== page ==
Tuesday, September 15, 2015

End of the 2015 season at the St. Albert Grain Elevator Park!

The 2015 summer season at the St. Albert Grain Elevator Park has been busy with school programs, tours, special events, weddings and Craft Thursdays.  

Our last event of the season, the Harvest Festival, took place Sunday September 13, 2015 on a windy September afternoon.  While rain threatened it held off and our visitors enjoyed music, hot buttered corn, face painting, balloon shapes, tours, a scavenger hunt and demonstrations by local quilters and weavers.   Oh, and of course…the farm animals brought in by 12 Acres Farm--sheep, chickens, goats and a duck!


Quilting demonstration

Hot buttered corn!

Grain elevator tours

Activity tents

Thank you to everyone who came out to the grain elevator site this summer to enjoy a food truck event, our Canada Day celebration, a wedding, a tour with family and friends, a craft day or the Harvest Festival.  We enjoyed showing you around the heritage site and look forward to seeing you again in 2016!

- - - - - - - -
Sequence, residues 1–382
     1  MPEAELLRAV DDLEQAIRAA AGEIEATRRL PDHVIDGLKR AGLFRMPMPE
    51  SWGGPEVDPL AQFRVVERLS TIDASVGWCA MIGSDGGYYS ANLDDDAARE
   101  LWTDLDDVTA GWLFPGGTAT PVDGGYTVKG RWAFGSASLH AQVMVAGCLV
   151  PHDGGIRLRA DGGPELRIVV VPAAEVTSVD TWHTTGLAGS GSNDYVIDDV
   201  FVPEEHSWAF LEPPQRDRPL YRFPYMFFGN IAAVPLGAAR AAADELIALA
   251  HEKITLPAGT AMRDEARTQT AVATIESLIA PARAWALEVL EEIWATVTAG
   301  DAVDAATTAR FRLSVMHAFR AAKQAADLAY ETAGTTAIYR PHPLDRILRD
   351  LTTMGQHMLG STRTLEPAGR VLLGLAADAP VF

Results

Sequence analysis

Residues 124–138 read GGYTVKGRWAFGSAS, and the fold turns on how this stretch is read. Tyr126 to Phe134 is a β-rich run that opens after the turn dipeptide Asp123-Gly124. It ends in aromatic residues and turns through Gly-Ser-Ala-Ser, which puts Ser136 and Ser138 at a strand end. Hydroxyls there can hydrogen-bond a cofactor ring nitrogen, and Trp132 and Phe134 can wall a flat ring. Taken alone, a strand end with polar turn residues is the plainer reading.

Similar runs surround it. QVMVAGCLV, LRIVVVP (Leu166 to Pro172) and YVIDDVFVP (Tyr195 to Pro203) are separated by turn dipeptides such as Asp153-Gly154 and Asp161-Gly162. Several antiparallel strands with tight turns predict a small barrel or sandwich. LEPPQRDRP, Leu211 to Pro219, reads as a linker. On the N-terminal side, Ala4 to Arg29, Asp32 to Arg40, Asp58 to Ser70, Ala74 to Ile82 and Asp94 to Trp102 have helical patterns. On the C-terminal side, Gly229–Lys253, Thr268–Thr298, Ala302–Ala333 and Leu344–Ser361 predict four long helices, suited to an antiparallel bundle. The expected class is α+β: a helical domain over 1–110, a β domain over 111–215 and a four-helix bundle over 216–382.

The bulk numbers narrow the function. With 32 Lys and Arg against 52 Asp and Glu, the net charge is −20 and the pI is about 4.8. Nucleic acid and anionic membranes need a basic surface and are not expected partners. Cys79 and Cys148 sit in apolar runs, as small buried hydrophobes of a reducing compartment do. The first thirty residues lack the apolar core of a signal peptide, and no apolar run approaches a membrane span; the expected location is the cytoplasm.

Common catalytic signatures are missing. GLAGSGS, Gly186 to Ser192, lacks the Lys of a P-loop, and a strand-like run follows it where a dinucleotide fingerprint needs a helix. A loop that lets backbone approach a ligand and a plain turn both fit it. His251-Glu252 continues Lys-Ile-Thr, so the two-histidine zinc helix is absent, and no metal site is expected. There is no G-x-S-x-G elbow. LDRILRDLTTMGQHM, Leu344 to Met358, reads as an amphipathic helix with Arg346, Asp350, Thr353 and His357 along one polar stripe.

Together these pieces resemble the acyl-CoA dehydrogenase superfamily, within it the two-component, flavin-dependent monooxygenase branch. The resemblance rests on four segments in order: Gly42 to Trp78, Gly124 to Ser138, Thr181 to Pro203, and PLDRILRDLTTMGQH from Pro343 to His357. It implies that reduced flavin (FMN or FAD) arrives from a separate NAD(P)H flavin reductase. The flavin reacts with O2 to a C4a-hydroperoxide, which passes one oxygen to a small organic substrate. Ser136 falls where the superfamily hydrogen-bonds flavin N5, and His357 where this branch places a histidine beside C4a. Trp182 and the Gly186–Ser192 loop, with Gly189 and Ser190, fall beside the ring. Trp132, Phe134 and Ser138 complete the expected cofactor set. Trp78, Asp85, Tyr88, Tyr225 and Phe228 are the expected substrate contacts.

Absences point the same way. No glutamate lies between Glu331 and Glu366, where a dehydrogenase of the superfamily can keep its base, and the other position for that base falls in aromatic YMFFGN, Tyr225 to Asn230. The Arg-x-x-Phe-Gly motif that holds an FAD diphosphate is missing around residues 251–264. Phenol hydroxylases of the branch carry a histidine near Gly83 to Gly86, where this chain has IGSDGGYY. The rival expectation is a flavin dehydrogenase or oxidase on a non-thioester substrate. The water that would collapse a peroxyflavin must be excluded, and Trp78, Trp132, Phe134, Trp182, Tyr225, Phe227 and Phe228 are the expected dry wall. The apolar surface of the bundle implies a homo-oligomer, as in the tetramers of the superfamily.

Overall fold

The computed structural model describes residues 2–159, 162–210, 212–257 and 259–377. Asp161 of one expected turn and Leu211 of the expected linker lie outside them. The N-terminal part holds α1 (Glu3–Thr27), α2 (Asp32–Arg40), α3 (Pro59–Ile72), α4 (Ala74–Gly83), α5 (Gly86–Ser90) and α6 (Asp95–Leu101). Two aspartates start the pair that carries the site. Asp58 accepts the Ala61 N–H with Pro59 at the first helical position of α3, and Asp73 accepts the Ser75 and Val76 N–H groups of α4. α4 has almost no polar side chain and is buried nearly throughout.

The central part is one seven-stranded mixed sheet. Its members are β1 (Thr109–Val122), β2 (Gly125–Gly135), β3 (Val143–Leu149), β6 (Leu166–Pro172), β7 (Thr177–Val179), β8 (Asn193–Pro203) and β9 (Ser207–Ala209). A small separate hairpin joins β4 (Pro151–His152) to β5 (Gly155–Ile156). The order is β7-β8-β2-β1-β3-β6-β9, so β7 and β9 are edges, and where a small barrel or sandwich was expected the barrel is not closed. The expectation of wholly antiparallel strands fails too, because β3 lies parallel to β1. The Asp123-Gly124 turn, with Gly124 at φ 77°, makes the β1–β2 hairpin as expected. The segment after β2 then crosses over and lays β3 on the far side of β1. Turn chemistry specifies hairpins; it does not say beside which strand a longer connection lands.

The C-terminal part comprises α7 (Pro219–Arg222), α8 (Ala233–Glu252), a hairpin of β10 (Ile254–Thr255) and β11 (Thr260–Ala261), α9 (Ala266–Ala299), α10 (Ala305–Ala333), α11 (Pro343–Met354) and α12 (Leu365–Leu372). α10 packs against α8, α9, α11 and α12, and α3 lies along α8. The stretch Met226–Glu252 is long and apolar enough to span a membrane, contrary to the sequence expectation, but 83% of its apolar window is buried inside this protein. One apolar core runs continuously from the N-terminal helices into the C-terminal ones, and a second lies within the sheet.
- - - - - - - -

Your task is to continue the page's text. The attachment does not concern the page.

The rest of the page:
Sunday, September 6, 2015

The 2015 ACA Conference in Regina - Part 5: The young and the archives

Outreach was a big topic at the conference.  Working in a museum, I’ve seen the efforts that our programming team puts towards outreach and I am always looking at ways to increase the archives profile in the programming area.

 Excellent case studies were presented where archivists actively went out to reach different audiences.

WWI letters from a Oshawa soldier becomes part of the curriculum